When I was in Bali a few years ago, I had an opportunity to see firsthand the role that spirituality plays in the everyday life of Indonesians. For many people, this spirituality goes beyond mere organized religion and extends to a strong belief in the powers of the non-physical world. Now those beliefs have become a political issue, as some Indonesians are suggesting that the country’s recent string of natural disasters may be a result of their national leaders having taken actions that angered nature. The Christian Science Monitor explored this issue in an article today.
Shockwaves from the string of natural disasters over the past 19 months, including numerous earthquakes, two tsunamis, and an imminent volcanic eruption, have reached even Indonesian President Susilo Bambang Yudhoyono at the state palace. … The president’s political opponents, such as the well-known soothsayer Permadi, have eagerly spread the notion of a divine warning. Speaking on Metro-TV Wednesday, he warned that the president was angering nature.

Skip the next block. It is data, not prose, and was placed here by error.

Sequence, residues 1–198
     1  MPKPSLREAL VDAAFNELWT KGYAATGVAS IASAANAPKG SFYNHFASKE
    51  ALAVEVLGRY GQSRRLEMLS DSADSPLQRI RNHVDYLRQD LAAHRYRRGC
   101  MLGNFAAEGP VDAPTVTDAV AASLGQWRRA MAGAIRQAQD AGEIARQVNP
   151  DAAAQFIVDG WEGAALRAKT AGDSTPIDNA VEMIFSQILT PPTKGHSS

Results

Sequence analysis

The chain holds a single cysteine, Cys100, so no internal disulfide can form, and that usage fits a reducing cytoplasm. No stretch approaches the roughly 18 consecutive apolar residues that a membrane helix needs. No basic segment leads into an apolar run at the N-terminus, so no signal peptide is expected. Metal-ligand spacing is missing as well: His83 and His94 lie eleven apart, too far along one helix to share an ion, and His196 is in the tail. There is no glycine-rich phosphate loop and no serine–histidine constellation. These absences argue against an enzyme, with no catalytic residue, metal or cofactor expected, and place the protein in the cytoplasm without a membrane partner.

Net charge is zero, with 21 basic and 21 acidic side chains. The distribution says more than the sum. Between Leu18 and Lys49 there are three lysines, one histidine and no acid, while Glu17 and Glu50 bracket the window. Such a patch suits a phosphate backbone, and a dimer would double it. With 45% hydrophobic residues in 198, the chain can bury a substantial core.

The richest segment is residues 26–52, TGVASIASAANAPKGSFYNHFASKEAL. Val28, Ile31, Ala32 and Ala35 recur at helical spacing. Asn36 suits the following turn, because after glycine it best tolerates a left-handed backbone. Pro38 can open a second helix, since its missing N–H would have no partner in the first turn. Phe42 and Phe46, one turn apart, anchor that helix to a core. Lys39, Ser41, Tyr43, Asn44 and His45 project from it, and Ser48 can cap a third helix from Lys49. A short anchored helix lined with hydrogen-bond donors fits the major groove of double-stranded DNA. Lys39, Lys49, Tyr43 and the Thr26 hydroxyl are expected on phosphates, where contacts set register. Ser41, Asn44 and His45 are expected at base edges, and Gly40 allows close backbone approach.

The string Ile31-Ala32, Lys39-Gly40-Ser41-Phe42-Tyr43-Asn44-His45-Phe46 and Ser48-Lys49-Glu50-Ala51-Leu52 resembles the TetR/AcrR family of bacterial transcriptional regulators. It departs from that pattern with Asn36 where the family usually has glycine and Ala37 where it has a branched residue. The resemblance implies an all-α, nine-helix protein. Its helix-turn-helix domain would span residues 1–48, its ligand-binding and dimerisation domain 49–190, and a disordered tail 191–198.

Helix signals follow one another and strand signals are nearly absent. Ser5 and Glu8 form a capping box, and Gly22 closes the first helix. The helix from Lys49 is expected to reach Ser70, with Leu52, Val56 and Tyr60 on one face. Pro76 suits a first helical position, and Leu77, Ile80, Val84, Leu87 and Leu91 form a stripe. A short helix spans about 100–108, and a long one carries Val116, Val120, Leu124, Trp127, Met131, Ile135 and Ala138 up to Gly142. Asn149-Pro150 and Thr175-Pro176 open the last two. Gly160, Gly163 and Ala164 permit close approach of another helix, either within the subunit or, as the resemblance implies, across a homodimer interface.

According to the Indonesian Survey Institute (LSI), a national polling agency, the president has reason to be worried. … The survey concluded that 78.1 percent of those polled believed the disasters were a “warning from nature to Indonesia.” … “In Indonesia, people believe in the supernatural,” says Muhammad Qodary, an LSI researcher. “And the more people believe [the disasters] don’t come from scientific explanations, the more they’ll look to the supernatural.”